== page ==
Take the 2-minute tour ×
Stack Overflow is a question and answer site for professional and enthusiast programmers. It's 100% free, no registration required.

Sorry, but I think I am going mad. I have this in C++:

std::stringstream message;
boost::system::error_code ignored_error;
std::cout << "Writing response to socket. Byte size " << protoMsg.ByteSize() << " Buffer " << message.str().length() << std::endl;
for(int i(0);i<(int)message.str().length();i++)
    std::cout << (int)message.str().at(i);
std::cout << std::endl;
boost::asio::write(socket, boost::asio::buffer(message.str()), ignored_error);
std::cout << "Done writing." << std::endl;

Which yields this output

Writing response to socket. Byte size 88 Buffer 88
Done writing.

And this in Java:

try {
  int lenbytes = is.read(buffer);
  System.out.println("Read bytes " + lenbytes);
  for(int i=0;i<lenbytes;i++)
  EnvInfoProto envInfoProto = EnvInfoProto.parseFrom(buffer);
  return envInfoProto;
} catch(IOException ignore) { System.out.println("Ex: " + ignore.toString(); }

Which yields

Read bytes 88
Ex: com.google.protobuf.InvalidProtocolBufferException: Protocol message contained an invalid tag (zero).

The binary data is the same. I checked that I am using the right version of the proto files. I am a bit at a loss tbh. Any help appreciated.

share|improve this question
One point to note around your title: using Protocol Buffers does not count as encryption, and shouldn't be mistaken for it. –  Jon Skeet Aug 12 '11 at 19:48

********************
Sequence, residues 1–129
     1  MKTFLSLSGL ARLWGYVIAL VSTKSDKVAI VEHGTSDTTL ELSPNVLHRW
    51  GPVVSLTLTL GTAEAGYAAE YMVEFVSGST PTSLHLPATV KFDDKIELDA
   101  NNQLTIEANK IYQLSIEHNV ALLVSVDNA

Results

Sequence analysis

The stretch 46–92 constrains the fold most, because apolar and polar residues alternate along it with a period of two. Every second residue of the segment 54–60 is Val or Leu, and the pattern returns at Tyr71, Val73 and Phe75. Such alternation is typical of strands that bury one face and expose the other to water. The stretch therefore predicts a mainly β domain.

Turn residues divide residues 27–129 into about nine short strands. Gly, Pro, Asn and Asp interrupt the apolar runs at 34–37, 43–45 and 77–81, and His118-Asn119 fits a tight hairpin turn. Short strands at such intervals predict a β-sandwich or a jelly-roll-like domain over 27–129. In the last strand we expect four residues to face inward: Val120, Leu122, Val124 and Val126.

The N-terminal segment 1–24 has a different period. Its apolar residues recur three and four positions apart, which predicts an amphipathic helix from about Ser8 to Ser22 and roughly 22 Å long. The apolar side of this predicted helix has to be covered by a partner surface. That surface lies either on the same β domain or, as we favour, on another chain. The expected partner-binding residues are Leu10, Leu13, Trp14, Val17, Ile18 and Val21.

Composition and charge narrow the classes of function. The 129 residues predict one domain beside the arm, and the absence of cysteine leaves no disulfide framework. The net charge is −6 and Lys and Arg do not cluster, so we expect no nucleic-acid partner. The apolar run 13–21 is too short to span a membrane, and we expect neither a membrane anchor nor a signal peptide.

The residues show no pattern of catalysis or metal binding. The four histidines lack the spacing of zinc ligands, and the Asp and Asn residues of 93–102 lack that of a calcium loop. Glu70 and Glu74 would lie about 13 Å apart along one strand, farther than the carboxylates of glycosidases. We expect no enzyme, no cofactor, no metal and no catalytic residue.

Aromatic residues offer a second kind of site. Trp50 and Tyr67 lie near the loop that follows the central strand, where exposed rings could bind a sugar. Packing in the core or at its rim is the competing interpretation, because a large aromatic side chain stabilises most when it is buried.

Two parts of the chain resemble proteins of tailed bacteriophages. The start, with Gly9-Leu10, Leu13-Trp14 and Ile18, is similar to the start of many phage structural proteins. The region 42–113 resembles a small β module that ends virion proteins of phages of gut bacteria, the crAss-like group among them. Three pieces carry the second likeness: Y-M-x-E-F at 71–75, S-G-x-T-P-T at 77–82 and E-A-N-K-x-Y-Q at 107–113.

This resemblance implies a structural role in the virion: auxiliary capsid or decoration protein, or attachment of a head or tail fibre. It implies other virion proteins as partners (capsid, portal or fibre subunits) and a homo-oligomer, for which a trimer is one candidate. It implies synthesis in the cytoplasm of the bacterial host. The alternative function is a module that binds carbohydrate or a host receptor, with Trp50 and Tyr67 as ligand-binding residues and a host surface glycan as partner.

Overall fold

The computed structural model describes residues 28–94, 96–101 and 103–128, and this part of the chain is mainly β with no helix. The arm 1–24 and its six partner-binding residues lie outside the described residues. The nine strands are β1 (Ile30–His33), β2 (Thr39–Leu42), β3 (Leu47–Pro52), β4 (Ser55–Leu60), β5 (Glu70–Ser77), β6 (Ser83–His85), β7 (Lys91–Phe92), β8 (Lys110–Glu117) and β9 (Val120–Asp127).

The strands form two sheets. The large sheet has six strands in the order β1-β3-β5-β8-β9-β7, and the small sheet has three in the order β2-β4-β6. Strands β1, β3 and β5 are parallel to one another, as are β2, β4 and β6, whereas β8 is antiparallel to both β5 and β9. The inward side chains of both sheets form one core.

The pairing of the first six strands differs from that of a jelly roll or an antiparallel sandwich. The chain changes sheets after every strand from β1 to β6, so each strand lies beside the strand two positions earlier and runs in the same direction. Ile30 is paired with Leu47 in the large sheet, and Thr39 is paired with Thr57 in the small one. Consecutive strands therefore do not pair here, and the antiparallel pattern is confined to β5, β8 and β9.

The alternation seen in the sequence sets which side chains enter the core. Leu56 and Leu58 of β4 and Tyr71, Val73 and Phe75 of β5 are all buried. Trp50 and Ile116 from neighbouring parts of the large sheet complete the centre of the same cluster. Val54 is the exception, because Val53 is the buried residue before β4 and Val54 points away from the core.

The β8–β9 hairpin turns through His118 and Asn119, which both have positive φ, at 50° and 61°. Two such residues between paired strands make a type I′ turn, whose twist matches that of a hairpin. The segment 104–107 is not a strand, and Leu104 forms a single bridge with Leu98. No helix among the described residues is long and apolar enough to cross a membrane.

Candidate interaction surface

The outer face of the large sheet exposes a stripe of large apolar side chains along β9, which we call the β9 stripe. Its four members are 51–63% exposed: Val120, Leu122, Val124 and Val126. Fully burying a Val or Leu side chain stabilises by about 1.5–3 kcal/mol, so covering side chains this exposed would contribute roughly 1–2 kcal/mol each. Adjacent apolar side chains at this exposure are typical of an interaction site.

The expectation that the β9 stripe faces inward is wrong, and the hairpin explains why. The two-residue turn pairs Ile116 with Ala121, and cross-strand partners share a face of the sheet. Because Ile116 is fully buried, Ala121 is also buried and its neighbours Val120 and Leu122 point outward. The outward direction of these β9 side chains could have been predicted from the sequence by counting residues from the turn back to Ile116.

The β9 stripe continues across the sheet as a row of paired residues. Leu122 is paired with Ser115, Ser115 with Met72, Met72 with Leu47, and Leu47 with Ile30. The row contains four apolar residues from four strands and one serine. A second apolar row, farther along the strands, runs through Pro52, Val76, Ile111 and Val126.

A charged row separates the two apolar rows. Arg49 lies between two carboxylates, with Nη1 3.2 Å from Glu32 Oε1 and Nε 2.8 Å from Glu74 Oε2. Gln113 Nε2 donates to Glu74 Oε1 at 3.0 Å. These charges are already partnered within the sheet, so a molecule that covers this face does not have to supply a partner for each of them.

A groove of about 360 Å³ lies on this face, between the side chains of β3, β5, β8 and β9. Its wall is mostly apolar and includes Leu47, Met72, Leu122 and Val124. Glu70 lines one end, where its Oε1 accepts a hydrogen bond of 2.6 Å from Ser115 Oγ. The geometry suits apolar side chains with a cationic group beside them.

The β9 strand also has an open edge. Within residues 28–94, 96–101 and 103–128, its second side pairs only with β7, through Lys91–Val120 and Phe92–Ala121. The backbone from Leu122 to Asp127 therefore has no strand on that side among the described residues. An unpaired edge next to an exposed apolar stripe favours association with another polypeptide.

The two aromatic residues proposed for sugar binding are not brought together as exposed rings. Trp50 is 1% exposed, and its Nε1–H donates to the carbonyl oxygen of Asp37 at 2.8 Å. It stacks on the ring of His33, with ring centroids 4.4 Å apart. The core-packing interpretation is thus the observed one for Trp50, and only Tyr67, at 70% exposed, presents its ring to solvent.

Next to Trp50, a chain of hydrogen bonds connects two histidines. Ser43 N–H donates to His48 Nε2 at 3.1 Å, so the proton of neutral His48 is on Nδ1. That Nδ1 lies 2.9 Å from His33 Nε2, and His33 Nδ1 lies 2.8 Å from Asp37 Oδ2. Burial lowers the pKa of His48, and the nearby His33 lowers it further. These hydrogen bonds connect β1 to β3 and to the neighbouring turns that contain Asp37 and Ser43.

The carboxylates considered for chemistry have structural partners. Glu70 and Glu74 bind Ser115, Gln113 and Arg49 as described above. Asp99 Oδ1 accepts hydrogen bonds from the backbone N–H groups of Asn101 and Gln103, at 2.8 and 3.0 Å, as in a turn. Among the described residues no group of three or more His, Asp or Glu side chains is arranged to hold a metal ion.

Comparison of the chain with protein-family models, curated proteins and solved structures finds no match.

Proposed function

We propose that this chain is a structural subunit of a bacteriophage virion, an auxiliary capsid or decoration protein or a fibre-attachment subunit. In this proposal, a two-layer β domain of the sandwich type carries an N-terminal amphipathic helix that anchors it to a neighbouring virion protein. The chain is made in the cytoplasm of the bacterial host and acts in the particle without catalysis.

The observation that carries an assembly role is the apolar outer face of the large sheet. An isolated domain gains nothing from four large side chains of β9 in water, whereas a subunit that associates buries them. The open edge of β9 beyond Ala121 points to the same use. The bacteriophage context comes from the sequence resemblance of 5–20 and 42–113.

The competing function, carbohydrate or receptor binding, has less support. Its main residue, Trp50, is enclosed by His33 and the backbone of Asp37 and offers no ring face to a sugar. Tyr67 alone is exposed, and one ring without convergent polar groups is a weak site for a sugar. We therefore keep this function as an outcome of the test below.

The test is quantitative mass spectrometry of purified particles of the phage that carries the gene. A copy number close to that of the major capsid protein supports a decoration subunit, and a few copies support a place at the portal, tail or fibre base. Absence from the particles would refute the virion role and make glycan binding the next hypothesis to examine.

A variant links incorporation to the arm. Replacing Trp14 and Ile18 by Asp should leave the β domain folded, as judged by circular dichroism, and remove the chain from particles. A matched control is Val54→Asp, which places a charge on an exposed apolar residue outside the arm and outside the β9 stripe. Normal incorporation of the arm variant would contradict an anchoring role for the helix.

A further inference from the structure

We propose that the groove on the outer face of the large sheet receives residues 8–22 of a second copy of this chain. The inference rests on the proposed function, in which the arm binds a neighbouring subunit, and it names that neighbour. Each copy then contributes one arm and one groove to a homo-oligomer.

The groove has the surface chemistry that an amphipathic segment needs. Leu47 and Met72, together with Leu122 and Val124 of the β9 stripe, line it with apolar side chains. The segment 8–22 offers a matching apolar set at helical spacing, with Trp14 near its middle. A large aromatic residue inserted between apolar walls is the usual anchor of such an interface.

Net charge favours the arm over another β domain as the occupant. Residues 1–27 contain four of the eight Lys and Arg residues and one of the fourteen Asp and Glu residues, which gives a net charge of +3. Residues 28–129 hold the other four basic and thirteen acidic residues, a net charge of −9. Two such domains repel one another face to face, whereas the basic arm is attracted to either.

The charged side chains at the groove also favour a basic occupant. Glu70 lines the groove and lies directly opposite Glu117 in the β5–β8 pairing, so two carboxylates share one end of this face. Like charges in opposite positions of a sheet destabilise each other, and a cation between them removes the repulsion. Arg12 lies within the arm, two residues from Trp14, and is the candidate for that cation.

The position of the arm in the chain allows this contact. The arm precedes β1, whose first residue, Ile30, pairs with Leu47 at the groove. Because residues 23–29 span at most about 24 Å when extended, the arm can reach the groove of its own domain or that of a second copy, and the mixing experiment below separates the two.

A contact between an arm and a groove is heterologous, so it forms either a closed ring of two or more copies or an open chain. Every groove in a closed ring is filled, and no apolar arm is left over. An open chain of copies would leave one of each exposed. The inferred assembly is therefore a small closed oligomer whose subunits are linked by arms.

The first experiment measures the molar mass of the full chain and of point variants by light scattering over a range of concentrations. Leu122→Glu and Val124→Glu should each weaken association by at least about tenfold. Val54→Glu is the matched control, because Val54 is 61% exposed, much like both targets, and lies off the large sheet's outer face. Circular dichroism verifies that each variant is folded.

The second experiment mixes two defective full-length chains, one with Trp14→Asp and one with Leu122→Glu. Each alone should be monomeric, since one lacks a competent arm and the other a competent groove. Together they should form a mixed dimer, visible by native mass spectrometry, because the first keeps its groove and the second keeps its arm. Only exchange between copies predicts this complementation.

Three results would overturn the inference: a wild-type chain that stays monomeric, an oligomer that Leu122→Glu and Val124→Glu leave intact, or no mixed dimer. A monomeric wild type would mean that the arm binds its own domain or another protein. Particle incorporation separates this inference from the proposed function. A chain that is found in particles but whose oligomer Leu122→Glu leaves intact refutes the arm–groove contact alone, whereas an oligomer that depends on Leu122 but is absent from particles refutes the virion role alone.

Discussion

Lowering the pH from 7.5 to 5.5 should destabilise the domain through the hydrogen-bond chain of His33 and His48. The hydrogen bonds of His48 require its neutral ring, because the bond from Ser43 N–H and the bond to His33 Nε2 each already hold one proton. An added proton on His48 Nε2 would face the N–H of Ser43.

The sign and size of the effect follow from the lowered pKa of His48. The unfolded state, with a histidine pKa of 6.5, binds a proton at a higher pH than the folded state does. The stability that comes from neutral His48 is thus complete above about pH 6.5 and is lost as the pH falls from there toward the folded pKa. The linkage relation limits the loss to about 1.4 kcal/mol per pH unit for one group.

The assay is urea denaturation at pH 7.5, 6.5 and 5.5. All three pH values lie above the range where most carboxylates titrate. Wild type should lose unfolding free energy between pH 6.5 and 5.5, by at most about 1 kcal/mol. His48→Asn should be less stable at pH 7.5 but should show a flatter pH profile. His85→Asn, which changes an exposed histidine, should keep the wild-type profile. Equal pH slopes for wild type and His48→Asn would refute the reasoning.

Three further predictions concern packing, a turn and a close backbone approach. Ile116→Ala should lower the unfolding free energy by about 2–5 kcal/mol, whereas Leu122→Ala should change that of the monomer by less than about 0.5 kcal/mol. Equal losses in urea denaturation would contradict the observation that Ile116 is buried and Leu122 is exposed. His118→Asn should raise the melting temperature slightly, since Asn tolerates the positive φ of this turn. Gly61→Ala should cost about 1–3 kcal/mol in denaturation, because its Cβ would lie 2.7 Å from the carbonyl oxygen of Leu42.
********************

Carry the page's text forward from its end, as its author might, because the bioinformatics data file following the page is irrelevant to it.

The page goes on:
1 Answer 1

up vote 3 down vote accepted

You're asking the message to be parsed from the whole of buffer - and my guess is that buffer is more than 88 bytes long.

I can't remember offhand whether parseFrom allows you to specify the maximum amount of data to read, but an alternative would be:

ByteArrayIntputStream stream = new ByteArrayInputStream(buffer, 0, lenbytes);
EnvInfoProto envInfoProto = EnvInfoProto.parseFrom(stream);

Note that this still has the problem that you're assuming you can read all the data from the stream in a single call to read, which is never a good idea - but that's a very separate issue. If you're going to close the socket after writing, you could just parse stream from the socket's InputStream in the Java code, of course. If you're not going to close the stream, I would suggest writing the message length to the socket first (as a 32-bit integer) so you can then read that in Java, and read exactly the right amount of data, knowing when you're finished.

share|improve this answer
Cheers thanks.... –  Cookie Aug 12 '11 at 19:47

Your Answer


By posting your answer, you agree to the privacy policy and terms of service.

Not the answer you're looking for? Browse other questions tagged or ask your own question.